Today EA Sports is releasing FIFA 16, the 23rd installment of its acclaimed video game. The FIFA franchise is the best-selling sports video game ever and the race for this distinction isn’t even close.
Last year’s edition accounted for 15% of EA’s revenues, exceeding $600 million.
It will be interesting to see what kind of effect the FIFA bribery scandal may have on the video game’s popularity.
Fans’ views differ. Some have called for boycotts of the game. A corollary of this argument is that EA Sports does not need FIFA’s brand to market the game anymore, so EA should end the relationship. At the other end of the spectrum, some consumers have said they’re more likely to purchase the game now, because they didn’t want to buy anything while FIFA’s corruption went unaddressed.
Analyzing the sales figures will be difficult because the new version will also feature women players for the first time, introducing a confounding variable.
In our attempt to project future developments, we might look at EA’s history with Tiger Woods. When Tiger’s scandal first became public, EA Sports was one of the few sponsors who did not cut ties with him. As sales of its Tiger Woods PGA Tour games continued declining, EA pulled the plug on the relationship. (The inaugural Tiger-less version was released this July to mixed reviews.)
And yet, the primary issue for the direction of the FIFA franchise is neither public opinion nor EA’s policy toward scandals. Instead, it revolves entirely around licensing and the practicalities that accompany it.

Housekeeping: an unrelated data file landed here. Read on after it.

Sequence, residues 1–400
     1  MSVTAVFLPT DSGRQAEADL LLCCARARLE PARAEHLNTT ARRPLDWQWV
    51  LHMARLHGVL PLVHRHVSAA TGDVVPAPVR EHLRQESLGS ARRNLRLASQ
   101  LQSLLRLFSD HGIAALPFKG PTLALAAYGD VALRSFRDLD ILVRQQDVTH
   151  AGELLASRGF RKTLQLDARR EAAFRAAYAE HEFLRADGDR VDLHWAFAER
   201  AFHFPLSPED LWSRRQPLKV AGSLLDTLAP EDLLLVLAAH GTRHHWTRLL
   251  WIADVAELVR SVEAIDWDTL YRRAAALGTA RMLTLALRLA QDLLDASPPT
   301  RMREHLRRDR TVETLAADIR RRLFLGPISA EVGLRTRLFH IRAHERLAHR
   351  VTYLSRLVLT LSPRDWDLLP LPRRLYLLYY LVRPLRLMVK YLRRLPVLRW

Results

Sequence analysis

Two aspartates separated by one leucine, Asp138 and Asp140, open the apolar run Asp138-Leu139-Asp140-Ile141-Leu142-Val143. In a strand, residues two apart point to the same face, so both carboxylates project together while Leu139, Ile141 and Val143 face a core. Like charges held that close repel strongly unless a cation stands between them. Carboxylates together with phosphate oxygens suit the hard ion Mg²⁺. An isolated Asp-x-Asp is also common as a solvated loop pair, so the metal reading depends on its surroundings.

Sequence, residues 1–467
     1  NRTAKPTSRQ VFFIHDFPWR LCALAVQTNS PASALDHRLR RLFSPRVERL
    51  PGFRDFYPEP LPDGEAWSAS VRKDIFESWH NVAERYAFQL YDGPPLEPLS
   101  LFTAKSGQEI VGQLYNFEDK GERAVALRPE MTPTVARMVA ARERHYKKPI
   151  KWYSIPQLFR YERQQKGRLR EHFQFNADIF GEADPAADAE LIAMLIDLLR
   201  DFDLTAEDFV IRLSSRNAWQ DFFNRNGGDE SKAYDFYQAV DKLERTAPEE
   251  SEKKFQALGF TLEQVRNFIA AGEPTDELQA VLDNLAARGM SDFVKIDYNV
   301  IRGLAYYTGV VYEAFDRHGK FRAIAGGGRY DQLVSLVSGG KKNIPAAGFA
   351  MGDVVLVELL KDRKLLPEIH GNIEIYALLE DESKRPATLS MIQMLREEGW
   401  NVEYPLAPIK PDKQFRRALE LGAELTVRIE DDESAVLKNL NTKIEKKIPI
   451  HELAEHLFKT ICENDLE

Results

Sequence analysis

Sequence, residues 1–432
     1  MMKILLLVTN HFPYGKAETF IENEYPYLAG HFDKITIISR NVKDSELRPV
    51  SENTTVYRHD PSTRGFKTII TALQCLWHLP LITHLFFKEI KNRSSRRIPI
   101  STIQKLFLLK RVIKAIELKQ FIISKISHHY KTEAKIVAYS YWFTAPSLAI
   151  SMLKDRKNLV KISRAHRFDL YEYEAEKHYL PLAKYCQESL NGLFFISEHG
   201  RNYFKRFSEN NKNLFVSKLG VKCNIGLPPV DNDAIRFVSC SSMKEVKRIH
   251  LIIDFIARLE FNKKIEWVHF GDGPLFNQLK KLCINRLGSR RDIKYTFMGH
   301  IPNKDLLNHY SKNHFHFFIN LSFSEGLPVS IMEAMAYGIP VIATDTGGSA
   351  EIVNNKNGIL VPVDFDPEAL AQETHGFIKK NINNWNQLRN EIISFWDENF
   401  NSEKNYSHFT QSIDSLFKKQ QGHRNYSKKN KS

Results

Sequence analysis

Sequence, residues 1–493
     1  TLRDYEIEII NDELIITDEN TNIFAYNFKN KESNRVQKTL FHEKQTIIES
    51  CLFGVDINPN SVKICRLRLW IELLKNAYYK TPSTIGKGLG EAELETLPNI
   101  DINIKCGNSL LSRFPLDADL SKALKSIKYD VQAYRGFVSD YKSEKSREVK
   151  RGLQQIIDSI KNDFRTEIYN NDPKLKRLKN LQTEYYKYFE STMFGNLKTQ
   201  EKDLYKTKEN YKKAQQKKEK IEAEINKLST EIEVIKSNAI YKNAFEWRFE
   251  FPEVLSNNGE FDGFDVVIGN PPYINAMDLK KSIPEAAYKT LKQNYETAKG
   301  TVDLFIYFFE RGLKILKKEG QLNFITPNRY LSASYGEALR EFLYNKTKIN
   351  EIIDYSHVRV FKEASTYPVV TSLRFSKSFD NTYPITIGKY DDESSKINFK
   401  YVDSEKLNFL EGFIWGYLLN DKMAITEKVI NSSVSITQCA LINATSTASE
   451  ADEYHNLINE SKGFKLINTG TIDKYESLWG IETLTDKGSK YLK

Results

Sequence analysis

Licensing is a contractual issue, and the current licensing agreement between EA Sports and FIFA runs through the end of 2022. Though protections for damaged goodwill are almost certainly included, it is unlikely that EA would have gained significant contractual leverage just because charges were filed against FIFA officials.
Whereas the PGA Tour franchise only risked its relationship with a single player, the FIFA franchise has much less flexibility. Through its licensing agreement with FIFA, EA Sports can streamline its licensing of the vast majority of the major leagues and players. Without a license from FIFA, EA Sports would have to approach all clubs and leagues individually, making it much more difficult to create an authentic product.
EA’s primary competitor for soccer video games is Konami with its Pro Evolution Soccer franchise. Konami trails FIFA in popularity in large part due to the difficulties it faces licensing teams and leagues. On the other hand, Konami has been able to hang on to an exclusive license from UEFA – the Union of European Football Associations – something that EA has wanted to acquire for years. UEFA also happens to be the association most opposed to the current FIFA leadership, threatening to exit FIFA.
The prospect of mutiny at FIFA places EA Sports between a rock and a hard place. If a cataclysm occurs within FIFA that causes the secession of member associations, then EA will be forced to deal with licensing in the same way as Konami. This would almost certainly dilute the quality of EA’s product, or EA would have to spend significantly more on licensing. As a result, the prosperity of FIFA and EA’s soccer game are intertwined for better or for worse.